Cyprus new route for migrants prepared to ‘die at sea’
For 26 hours, Mustafa hid on a ferry from Turkey to Cyprus, joining thousands of other refugees now looking to the divided Mediterranean island as their gateway to the European Union.
In two years, the number of first-time asylum applications in Cyprus has more than tripled, rising from 730 people at the beginning of 2017 to 3,015 at the beginning of 2019.
Mustafa is among those who are optimistic about their prospects on the island. “As soon as I leave the camp, I’ll find work and rebuild my life,” he told AFP.
The number of refugee and migrant arrivals to Cyprus is low compared with those in Italy or Greece.
But now the island nation has the highest rate of refugee arrivals of any EU country relative to its population, eight times higher than in France, according to the European statistics office Eurostat.
This does not include refugees or migrants living in the breakaway Turkish Republic of Northern Cyprus (TNRC), divided from the internationally recognised Republic of Cyprus, with a population of less than one million, since 1974.
“For refugees, Cyprus was never an ideal destination: it’s an island and it’s very far from Europe,” Zenonas Tziarras, a researcher at PRIO Cyprus Centre, told AFP.
“But now it’s their only solution: routes to the EU from Greece are closed and the living conditions in countries near Syria are getting worse, like in Turkey and Lebanon,” he said.
“Suddenly, Cyprus seems very close to Syrians.”
Omar, 33, was living in a refugee camp in Lebanon when he managed to raise the $1,000 needed to take a boat to Cyprus. “The price was very low, it was a three-metre inflatable boat,” he told AFP.
The seven other passengers, all Syrian like Omar, drowned during the crossing. Omar drifted for three days at sea on a tyre before being rescued by a cargo ship.
Cyprus is just 100 kilometres (62 miles) from Lebanon and 80 kilometres from Turkey, leading traffickers to offer this risky crossing to Syrians who, like Omar, “prefer to die at sea than in Syria”.
Syrians, their country at war since 2011, make up the largest group of refugees in Cyprus, according to Eurostat.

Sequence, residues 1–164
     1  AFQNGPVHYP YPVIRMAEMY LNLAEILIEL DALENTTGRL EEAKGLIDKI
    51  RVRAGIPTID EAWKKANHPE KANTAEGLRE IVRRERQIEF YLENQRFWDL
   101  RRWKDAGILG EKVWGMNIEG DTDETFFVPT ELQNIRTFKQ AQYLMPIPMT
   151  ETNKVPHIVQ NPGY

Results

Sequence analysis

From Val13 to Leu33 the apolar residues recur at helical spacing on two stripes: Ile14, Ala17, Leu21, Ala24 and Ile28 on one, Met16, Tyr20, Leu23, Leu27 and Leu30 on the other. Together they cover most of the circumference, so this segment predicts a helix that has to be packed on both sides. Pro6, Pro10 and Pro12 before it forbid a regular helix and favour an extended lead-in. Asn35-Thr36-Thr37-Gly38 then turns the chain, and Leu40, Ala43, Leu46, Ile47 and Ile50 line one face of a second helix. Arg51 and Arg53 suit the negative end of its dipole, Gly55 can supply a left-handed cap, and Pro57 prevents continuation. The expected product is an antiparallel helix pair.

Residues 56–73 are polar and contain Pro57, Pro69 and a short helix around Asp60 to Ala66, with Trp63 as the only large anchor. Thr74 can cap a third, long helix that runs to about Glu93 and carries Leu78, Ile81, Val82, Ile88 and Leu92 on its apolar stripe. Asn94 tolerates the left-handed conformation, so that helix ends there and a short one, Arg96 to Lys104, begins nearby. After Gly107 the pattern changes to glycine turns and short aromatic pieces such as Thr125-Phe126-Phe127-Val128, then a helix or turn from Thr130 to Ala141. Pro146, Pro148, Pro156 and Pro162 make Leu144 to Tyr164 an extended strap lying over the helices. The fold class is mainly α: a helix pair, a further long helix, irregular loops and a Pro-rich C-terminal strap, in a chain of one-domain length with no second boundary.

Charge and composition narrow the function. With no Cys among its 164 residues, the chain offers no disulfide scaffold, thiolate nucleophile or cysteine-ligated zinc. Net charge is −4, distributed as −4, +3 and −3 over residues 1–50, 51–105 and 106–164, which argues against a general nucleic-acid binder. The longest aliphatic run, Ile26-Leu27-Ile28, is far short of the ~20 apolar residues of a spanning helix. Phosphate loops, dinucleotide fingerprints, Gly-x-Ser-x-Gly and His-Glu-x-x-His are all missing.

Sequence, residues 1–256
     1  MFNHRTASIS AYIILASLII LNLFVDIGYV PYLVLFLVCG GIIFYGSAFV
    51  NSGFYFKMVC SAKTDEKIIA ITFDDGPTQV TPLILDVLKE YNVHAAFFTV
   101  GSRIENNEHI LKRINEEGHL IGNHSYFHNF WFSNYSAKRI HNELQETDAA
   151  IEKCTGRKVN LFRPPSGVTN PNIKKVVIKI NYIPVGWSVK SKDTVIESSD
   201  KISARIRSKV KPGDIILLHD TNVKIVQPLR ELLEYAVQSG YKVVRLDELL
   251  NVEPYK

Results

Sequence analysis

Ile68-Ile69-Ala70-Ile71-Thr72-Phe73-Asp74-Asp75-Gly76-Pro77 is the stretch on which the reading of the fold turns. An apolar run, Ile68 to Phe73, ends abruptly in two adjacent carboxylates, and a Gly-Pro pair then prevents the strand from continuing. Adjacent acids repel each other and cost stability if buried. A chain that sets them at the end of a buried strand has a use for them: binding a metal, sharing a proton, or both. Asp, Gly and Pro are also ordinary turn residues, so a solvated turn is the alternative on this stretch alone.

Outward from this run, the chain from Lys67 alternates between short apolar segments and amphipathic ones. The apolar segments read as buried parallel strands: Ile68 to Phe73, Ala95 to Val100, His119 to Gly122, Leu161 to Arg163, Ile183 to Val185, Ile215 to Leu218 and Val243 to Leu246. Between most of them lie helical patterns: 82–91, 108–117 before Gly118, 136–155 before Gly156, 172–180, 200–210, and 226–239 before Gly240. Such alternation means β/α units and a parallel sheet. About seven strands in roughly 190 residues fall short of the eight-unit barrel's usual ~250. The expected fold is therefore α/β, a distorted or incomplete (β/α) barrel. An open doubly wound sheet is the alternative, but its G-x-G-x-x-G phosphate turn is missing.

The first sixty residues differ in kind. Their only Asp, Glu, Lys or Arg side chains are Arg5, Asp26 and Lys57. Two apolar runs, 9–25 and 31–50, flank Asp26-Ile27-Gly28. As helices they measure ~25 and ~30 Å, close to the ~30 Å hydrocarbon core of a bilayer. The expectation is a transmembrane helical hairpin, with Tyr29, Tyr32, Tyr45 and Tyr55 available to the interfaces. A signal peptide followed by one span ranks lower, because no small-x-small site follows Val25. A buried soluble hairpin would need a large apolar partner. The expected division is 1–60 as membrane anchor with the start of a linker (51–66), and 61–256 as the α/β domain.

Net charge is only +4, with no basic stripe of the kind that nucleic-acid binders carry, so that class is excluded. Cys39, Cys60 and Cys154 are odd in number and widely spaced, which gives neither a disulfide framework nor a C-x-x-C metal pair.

Despite the 42 degrees (107 Fahrenheit) heat, Mustafa has lived for 10 days in a tent in the Pournara camp, 20 kilometres from Nicosia, that hosts between 35 and 300 people.
“I have known refugee camps in Lebanon and Turkey, I can tell you that here we are better treated. I should have come sooner,” Mustafa said.
Despite his optimistic account, a Cypriot asylum services official said reception services are saturated and it can take between six months and a year to grant authorisation to work in Cyprus.
“Before we had dozens of refugees per year, now it’s thousands in a quarter. How can we cope?” the official said, asking not to be named.
In Nicosia, the NGO Caritas has also seen a “dramatic increase” in migrants seeking its help, said Elizabeth Kassinis, Caritas’s executive manager in Cyprus.
Other than Syrians, she said the organisation is “getting more and more people from West Africa”.
Mustafa, who is 23, paid $4,000 for his journey to Cyprus hidden in a container.
The cost included crossing the “Green Line” that separates the Republic of Cyprus, a member of the EU, from the TRNC, which is recognised only by Turkey.
At loggerheads with Ankara, Nicosia has accused TRNC authorities of turning a blind eye to smugglers.
In 2019, 3,000 refugees crossed the notoriously porous Green Line to request asylum in the south, compared with only 138 in 2017, according to the Cypriot interior ministry.
The vast majority of migrants land in Ercan, the TRNC’s only airport, were passing through customs is reputedly easier than in the south, according to experts.
“For Nicosia, the Turkish occupation means the migration situation can’t be controlled. It’s a headache,” Tziarras said.
The unprecedented geopolitical situation in Cyprus — a peaceful island in the middle of an unstable region and split by a demarcation line not recognised as a border — “makes the situation worse”, he said.
Tziarras emphasised that while Turkey “is part of the problem”, support for Cyprus “can only come from the EU”, especially in financial terms.
A “Schengen” border, with strict controls, separates refugees from the majority of other European countries.
Kassinis said that many refugees do not realise exactly where they are landing when they choose to try for Cyprus and are “very disappointed” when they discover they are still far from the rest of Europe.
“They feel like they’ve been played.”
But Omar does not regret his choice. For the past seven months, he has lived in the village of Astromeritis, where he hopes to one day to bring his family from Syria. Not by boat this time, but by plane.